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Jeffrey D. Allred, Deseret News
Seth Poorte accompanies Michael Neal on a tour of Ogden Regional Medical Center's newly built residential center for its Alcohol and Chemical Treatment program in Washington Terrace on Wednesday, Feb. 7, 2018.

WASHINGTON TERRACE, Weber County — Michael Neal used to stay in bed all day.

"I let the house and yard go to pot," he said. Any time he got up, it was for a drink — up to five, 30-packs of alcohol a week.

"I was not functioning," the 47-year-old who is totally blind said Wednesday.

But that was five months ago, and thanks to 31 days of inpatient treatment beginning in September at MountainStar Healthcare's Ogden Regional Medical Center — and continuing support from friends he made there — Neal lives a sober life.

"It's wonderful to not be isolated and lonely," he said.

Ogden Regional, initially run by sisters with the Order of St. Benedict, began offering alcohol and chemical substance addiction treatment in 1973. The program, the first of its kind in the Ogden area, has grown and changed a lot since then — relying on evidence-based practice — but, essentially exists and strives to encourage long-term patient sobriety among a particularly challenging slice of Utah's population.

"There are twice as many deaths by (drug) overdose here than any other place in Utah," said Justin Hatch, director of behavioral health at the Weber County hospital. "We are still losing too many to substance use disorders."

He said Ogden and surrounding communities have "a huge need" for quality mental health and substance use disorder treatment.

On Wednesday, the hospital opened a new residential treatment facility that can house up to 12 adults, men and women, for up to 90 days of intensive treatment. The new service comes in addition to medical detoxification, inpatient medically supervised rehabilitation, partial hospitalization/daytime programs and intensive outpatient rehabilitation programs already offered there.

"We want to give people an environment they feel comfortable in so they can focus on recovery," said Josh Grondel, director of community outreach. The new 5,000-square-foot facility, which will begin accepting patients by March, he said, "is less like a hospital and more like a residence."

Hatch said there are many places people can get help, and he hopes that's the choice they make, but eliminating a public stigma surrounding mental health and substance use disorders is key to getting them there. No matter how many beds become available, he said, "it's not enough."

Statistically, Hatch said, it takes a person seven attempts at treatment to succeed.

"It's not easy to get here. It's not easy to stay here," he said, adding that the new Alcohol and Chemical Treatment program "will be a place where people can come and feel welcome however many times it takes."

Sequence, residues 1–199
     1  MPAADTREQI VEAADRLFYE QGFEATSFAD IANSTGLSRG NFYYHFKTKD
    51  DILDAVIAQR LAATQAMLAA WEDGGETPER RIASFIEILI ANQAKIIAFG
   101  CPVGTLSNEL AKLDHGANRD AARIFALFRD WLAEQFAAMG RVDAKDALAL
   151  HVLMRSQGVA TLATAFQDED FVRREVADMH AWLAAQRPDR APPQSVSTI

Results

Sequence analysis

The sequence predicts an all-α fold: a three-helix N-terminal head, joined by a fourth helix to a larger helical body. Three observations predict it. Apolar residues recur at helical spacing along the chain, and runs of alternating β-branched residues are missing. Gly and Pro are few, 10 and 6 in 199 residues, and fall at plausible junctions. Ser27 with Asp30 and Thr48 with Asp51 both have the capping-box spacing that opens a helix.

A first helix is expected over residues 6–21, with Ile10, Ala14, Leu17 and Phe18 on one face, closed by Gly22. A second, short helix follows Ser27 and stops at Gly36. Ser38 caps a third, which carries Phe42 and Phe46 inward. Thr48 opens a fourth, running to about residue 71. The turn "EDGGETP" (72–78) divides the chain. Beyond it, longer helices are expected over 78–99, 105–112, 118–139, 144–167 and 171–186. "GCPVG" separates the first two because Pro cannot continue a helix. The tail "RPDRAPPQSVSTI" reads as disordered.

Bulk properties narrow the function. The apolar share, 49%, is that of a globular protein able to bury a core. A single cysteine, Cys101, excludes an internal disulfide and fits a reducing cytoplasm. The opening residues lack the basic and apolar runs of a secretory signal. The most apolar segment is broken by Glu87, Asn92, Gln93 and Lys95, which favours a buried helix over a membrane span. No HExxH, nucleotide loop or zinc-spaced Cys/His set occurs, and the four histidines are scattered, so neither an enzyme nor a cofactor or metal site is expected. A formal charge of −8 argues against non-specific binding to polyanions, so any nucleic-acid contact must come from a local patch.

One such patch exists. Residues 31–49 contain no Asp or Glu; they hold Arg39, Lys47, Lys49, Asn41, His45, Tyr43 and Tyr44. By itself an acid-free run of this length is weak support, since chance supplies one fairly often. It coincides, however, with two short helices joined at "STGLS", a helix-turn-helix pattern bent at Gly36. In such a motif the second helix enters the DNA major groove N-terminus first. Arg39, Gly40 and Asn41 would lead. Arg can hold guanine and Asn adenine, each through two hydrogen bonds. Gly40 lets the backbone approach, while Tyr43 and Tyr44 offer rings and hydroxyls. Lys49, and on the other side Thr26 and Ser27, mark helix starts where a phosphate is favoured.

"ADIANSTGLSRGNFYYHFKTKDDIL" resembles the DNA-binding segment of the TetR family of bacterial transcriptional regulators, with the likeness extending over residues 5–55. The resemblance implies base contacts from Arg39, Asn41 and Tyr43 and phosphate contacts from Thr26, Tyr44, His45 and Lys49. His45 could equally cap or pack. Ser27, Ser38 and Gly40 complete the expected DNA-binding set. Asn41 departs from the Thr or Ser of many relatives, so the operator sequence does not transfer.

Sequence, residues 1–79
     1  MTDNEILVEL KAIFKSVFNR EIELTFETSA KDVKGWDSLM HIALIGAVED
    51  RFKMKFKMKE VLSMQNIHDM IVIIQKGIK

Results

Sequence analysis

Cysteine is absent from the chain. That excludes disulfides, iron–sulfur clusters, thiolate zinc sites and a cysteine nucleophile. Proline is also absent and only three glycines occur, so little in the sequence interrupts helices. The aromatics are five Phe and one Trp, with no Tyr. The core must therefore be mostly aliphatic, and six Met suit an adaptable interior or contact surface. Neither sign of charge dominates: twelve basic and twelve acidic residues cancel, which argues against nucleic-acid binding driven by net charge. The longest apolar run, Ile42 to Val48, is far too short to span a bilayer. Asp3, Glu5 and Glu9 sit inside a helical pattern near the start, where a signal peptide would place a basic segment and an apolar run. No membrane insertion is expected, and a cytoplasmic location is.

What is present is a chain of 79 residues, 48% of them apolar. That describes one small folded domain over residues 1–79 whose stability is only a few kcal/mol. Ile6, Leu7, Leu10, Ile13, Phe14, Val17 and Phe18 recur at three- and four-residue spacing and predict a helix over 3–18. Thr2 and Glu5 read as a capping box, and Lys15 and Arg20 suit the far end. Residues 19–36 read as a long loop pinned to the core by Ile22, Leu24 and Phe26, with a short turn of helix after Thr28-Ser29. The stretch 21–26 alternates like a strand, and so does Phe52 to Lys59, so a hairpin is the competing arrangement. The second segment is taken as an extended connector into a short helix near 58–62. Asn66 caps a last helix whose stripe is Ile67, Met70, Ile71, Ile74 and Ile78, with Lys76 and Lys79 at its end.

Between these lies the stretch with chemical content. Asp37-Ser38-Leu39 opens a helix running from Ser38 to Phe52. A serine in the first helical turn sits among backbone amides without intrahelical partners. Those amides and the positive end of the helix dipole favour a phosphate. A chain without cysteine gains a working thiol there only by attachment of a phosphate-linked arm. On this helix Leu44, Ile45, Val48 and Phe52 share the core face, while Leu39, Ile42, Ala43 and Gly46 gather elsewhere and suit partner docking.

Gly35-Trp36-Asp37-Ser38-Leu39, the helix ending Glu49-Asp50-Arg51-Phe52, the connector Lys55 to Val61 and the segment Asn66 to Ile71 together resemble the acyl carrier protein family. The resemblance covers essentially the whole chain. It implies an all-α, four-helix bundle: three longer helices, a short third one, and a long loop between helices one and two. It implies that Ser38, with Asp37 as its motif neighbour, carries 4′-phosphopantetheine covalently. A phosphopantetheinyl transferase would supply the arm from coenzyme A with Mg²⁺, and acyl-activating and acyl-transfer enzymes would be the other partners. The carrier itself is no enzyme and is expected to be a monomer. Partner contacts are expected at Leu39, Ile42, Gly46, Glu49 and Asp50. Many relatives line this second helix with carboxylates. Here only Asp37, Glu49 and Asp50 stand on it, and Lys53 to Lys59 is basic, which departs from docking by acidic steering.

Tony Martinez, a recovering addict, jokes that he went into treatment 23 years ago "to let the dust clear, and to have a 28-day vacation." Treatment, however, was tougher than he thought, forcing him to make a lifesaving decision.

"If I did not change, I could lose everything I had worked for," he said. "I chose to change lives."

Martinez, now a substance use disorder counselor, said the Ogden Regional program "allows patients to believe in themselves."

"My family knew it was in me all along," he said, thanking them for the encouragement to keep going. He tries to give that to patients he meets along the way.

Local DUI attorney Kelly Cardon said he meets a lot of people who hit rock bottom, "but then some of them surprise me and they go even lower in life.

"Some people have to make a clean break and someplace like this gives them a chance to reorient themselves and get back to living their lives," he said.

Neal said he has been drinking since his 20s, experiencing "hardly a sober moment." In addition to his disability, which also developed in his 20s, drinking was debilitating.

"I'm grateful for the clarity and new sober life I experience now," he said, adding that he spends a lot of time volunteering at the hospital to help maintain his sobriety.

The sentiment was similar for members of the Sober Riders Motorcycle Club, a worldwide group of recovering addicts who live daily a beneficial 12-step program and carry its message to strengthen hope for others, said Utah chapter president Bret Field, also known as "Mr. Clean."

"We want to show that you can still ride a motorcycle and be in a club and have fun while being sober," he said. The entire crew said they'd be open to new members at any time.

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Ogden Regional is the first in a nationwide network of Hospital Corporation of America hospitals to offer a residential treatment program. It will hire at least 40 new employees to help deliver care and staff the new facility, as well as tend to a dozen beds in the newly remodeled behavioral health treatment center.

"They're complementary programs," said HCA regional vice president Scott Hullinger, who was in town for the public ribbon-cutting and dedication ceremony held at the facility on Wednesday. "People can get the treatment and education that is necessary for them to live a full and fulfilling life."